online listen
I have the debut by these guys
but haven't heard anything since
not impressed here
1.3 from me and a converted 2.2 from the pros at allmusic

from the album - Chalk Outline

released Oct 2nd 2012

Bio - from allmusic

The members of Three Days Grace began bashing punk chords when they were in their teens, carving a derivative yet
energetic sound that fueled their live performances. Three Days Grace was formed in Norwood, Ontario, Canada, in
1997 by Adam Gontier (vocals, guitar), Brad Walst (bass), and Neil Sanderson (drums). The group was originally
called Groundswell, a five-piece that lasted from 1992 until transforming to a trio five years later. Gontier and
Walst were raised in Norwood, and many of their songs were inspired by living in a place with a population of around
1,500. The bandmembers were still in high school when they had their first gig, and they performed anywhere that
would accept them -- including opening for a movie.

Three Days Grace eventually relocated to Toronto and were introduced to producer Gavin Brown by their old manager.
The band gave Brown a private set, and he selected what he felt were the most promising tracks. The group then
produced a demo for EMI Music Publishing Canada. With Brown at the helm, Three Days Grace recorded "(I Hate)
Everything About You." The tune got them a publishing deal with EMI, and they soon were signed to Jive after being
courted by the company's president. Brown and Three Days Grace were sent to a studio in Boston, MA, to start the
group's debut album. The band completed its self-titled full-length in Woodstock, NY, at an isolated location free
from big-city distractions. Heavily influenced by Kyuss and Sunny Day Real Estate, the dark, angst-ridden tales of
small-town love and hate on Three Days Grace brought the group a Next Big Thing tag.

Three Days Grace was released on July 22, 2003, by which time "(I Hate) Everything About You" was already hit on
alternative radio stations in Canada. The band toured extensively behind the record for the next two years as both a
support act and headliners, but after a while, life on the road left the band, especially Gontier, feeling isolated
and alone. Consequently, this theme of disconnection -- coupled with the realization that one was in fact not alone
-- would serve as the basis for their follow-up album. Getting back to their roots by writing the record in the
Ontario countryside, One-X was released in June 2006. The album, which hit number five on the Billboard Top 200,
marked the recorded debut of the band's second guitarist, Barry Stock. Three Days Grace supported One-X through the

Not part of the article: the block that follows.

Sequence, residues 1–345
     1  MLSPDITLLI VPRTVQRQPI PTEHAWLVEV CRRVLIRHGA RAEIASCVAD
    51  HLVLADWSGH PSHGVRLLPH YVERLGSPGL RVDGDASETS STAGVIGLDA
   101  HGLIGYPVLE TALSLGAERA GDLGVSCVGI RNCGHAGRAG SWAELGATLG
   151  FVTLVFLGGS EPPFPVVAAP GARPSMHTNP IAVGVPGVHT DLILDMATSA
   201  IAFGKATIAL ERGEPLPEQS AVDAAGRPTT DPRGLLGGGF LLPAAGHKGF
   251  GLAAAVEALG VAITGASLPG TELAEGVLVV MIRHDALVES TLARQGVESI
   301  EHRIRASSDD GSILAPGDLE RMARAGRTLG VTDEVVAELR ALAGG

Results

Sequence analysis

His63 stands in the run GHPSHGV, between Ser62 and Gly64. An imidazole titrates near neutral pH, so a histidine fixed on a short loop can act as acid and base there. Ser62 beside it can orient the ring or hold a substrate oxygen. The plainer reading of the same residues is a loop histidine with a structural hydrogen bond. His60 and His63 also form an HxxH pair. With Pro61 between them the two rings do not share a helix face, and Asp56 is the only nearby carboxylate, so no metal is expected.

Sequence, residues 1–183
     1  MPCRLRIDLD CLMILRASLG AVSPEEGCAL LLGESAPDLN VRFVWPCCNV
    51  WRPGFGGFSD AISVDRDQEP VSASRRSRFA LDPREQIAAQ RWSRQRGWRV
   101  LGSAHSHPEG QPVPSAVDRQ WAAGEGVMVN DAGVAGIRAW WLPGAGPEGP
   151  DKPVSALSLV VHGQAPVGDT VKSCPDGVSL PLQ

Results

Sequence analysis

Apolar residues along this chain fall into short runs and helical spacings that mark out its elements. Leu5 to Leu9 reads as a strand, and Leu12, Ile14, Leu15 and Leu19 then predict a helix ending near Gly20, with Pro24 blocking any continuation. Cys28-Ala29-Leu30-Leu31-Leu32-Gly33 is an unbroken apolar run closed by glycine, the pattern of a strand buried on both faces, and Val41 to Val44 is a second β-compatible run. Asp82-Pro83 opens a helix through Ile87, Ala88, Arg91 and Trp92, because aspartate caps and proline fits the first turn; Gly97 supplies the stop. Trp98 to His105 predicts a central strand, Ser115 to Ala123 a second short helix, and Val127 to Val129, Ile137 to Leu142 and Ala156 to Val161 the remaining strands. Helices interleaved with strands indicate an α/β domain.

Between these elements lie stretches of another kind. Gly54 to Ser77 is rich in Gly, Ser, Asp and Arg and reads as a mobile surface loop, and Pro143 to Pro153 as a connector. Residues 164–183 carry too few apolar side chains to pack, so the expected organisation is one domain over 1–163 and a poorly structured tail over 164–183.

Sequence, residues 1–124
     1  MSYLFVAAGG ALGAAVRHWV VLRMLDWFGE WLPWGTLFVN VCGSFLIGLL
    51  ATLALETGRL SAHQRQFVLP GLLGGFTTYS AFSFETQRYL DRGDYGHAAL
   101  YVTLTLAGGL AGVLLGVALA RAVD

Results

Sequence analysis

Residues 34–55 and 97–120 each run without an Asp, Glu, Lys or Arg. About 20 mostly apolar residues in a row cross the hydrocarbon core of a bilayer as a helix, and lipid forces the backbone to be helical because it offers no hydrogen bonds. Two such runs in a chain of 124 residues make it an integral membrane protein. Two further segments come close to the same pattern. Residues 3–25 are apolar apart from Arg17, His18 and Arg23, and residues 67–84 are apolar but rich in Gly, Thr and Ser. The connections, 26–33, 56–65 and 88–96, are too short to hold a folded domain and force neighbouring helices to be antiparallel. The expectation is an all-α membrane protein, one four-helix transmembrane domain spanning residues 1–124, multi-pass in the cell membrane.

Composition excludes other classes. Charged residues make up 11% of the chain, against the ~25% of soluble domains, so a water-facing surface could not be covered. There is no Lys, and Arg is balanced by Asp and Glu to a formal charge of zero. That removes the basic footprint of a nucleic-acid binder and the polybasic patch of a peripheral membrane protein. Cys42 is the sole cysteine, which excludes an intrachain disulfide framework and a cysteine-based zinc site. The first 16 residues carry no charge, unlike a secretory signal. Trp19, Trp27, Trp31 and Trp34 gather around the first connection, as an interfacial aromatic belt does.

summer on dates alongside Staind, Hoobastank, and Nickelback, while "Animal I Have Become" became a number one
modern rock hit. In 2009 the group released its third full-length album, Life Starts Now. After heading out on tour
with bands like Nickelback and Avenged Sevenfold, the band returned to the studio to record their fourth album, the
more atmospheric, electronic-tinged Transit of Venus.

Album Review - from allmusic

Open and more intricate, Transit of Venus, the fourth album from Canadian rockers Three Days Grace, finds them
elevating their driving sound into something altogether more refined than anything they've done before. While
"nuanced" probably isn't a term that people would normally associate with the hard rock outfit, it feels like an
oddly appropriate descriptor for the direction Three Days Grace have taken their sound, setting aside some of the
larger-than-life crunch of some of their earlier work to add a level of atmosphere that gives the band the
opportunity to stick out from the post-grunge pack. While Transit of Venus certainly has its fair share of fist-
pumping anthems, the album is most interesting when the band is finding new inroads to heaviness. Rather than always
depending on the guitars' familiar crunch, tracks like "Chalk Outline" and "The High Road" utilize the buzz of
droning synths to add a layer of molasses-like thickness to the songs that makes them stand out from the band's
guitar-heavy work without feeling so radically different that fans won't know what to make of them. Even when Three
Days Grace stick closer to what they've done in the past, a song like album opener "Sign of the Times" shows the
band experimenting with atmosphere, scaling back the guitars to let the song breathe a little bit, providing the
song with the space necessary to be more, well, spacious. Despite all of this sonic tinkering, the band still
manages to insert plenty of those fist-pumping, arena-ready moments into Transit of Venus, providing a familiar
landmark to keep fans from getting lost, while also providing the album with enough old-fashioned riffage to show
that Three Days Grace haven't given up on rock.

Track Listing

1. Sign of the Times
2. Chalk Outline
3. The High Road
4. Operate
5. Anonymous
6. Misery Loves My Company
7. Give In to Me
8. Happiness
9. Give Me a Reason
10. Time That Remains
11. Expectations
12. Broken Glass
13. Unbreakable Heart